Criticalness of Giving and Receiving Feedback

A successful entrepreneur recently told me one of the main things he tries to determine when interviewing potential employees is their capacity to give and receive feedback.

Everyone involved in his start-up, he said, must be comfortable offering constructive criticism in real-time to bosses and subordinates and taking constructive criticism (“taking” is different from acting on all criticism). Rapid iteration of the sort that drives new companies can only happen if feedback constantly flows throughout the office.

I totally agree. You can never spend too much energy honing your skills at giving and receiving feedback. It is the distinguishing factor between those with “good” people skills and “great” people skills. Good businesspeople, and great businesspeople.

3 comments on “Criticalness of Giving and Receiving Feedback
  • Totally agree.

    Also, generally watching out for people who can’t give & take constructive criticism in your social/ private life is v. important.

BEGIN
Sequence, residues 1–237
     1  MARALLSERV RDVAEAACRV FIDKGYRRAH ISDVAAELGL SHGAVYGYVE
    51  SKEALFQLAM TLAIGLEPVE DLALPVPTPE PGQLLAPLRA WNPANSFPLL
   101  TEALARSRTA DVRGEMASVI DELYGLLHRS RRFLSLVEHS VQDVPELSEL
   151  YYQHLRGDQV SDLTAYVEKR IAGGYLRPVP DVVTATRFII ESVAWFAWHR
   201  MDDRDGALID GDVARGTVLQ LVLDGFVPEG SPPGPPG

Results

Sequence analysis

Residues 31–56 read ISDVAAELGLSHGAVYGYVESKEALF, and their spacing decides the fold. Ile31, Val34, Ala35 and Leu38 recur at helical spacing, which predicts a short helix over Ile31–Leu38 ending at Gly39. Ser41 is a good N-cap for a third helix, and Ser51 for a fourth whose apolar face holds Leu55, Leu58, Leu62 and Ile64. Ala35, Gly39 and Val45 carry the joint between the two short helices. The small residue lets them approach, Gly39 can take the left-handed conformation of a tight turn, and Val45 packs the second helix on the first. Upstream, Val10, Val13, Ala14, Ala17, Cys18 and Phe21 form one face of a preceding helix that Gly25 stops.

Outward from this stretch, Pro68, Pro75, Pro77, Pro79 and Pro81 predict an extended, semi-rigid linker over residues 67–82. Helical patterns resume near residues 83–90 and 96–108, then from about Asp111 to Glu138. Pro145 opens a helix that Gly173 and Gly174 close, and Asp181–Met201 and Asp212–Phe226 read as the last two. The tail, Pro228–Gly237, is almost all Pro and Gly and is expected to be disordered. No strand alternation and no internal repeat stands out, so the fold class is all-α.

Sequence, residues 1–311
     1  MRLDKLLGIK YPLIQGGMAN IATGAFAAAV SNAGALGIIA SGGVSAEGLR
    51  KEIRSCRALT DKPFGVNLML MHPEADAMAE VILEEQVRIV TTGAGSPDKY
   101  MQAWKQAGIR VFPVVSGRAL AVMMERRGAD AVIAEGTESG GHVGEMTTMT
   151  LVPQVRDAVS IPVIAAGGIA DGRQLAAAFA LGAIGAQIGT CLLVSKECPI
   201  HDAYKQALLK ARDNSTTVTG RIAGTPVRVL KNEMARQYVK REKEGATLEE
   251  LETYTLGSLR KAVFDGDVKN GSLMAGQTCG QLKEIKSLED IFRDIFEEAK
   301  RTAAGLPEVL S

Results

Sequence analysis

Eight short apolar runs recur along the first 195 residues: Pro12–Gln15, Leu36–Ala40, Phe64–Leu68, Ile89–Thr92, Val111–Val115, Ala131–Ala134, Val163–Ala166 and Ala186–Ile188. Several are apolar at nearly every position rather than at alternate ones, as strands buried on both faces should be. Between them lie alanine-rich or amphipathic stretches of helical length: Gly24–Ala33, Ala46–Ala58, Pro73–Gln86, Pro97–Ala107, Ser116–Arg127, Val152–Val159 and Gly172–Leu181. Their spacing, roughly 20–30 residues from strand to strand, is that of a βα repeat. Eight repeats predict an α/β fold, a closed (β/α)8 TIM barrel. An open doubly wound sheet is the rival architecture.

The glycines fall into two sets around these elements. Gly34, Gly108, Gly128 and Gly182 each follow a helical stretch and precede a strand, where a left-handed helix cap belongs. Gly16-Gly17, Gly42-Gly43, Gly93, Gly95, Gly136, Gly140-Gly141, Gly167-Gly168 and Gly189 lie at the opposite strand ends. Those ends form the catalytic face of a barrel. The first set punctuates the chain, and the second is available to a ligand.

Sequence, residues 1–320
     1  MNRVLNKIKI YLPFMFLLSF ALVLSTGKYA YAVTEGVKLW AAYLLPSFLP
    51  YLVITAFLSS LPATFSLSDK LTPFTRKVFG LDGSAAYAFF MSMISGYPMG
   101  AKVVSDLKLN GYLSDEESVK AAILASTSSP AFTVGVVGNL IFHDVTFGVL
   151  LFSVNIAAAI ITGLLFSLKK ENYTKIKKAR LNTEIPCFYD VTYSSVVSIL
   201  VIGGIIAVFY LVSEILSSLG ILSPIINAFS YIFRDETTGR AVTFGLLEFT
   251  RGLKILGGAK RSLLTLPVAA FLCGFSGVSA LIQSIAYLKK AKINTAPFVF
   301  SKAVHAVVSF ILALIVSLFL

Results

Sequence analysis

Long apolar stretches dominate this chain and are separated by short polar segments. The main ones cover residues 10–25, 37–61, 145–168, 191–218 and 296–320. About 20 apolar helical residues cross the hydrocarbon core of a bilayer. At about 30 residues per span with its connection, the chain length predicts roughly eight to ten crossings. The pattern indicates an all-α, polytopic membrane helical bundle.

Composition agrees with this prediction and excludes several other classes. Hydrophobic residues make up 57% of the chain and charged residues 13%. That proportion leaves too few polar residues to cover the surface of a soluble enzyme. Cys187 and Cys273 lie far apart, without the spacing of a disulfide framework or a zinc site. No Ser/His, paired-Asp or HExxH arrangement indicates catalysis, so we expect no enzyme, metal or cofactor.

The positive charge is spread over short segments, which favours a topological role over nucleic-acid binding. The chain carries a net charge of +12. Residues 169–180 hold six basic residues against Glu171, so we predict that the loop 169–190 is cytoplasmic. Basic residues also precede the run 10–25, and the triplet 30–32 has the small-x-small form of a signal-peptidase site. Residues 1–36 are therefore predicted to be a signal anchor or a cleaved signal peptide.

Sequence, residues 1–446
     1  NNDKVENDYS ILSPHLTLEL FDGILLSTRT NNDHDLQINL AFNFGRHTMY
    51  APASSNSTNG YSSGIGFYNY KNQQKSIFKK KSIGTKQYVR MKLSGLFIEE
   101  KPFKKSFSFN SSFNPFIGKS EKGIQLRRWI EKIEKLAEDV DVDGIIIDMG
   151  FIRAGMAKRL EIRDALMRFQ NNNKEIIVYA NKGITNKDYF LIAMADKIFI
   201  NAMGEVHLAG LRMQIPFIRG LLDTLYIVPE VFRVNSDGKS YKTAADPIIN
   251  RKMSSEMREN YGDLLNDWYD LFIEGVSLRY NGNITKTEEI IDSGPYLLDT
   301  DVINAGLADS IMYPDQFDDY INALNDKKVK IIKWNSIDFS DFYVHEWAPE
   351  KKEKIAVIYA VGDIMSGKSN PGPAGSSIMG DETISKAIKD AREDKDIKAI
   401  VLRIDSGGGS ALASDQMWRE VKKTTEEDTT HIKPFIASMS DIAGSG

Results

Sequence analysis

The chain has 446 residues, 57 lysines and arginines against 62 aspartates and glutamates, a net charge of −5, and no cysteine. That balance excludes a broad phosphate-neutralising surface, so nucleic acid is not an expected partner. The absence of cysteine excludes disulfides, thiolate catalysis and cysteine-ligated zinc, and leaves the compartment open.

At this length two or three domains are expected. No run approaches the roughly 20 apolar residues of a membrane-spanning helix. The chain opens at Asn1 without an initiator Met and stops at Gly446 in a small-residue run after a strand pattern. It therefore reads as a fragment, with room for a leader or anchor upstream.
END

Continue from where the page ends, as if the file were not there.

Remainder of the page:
Tip for people who may need to improve their skills in this area: start going to a drawing class. After a few 6 hr classes of having your efforts criticised in front of others, you learn how to handle it.

  • Ben, good thoughts. Especially with employees, I think their ability to give criticism is a testament to their ability to think critically, understand the greater problems, and find solutions.

  • Completely agree. I like to think of feedback as “career currency,” and I encourage my employees to do the same. People often seem to feel attacked by feedback, when in reality it’s one of the single most effective ways to improve (think John Wooden, or any sports coach, for that matter).

    I believe that the ability to gracefully receive feedback and subsequently change that behavior, is a key distinguishing factor for star performers.

    While feedback can be hard to hear at times, I like to think it shows that person cares about my development – and that’s a good thing. I don’t want to be the person walking around with proverbial food in my teeth all day, with no one courageous or caring enough to point it out.

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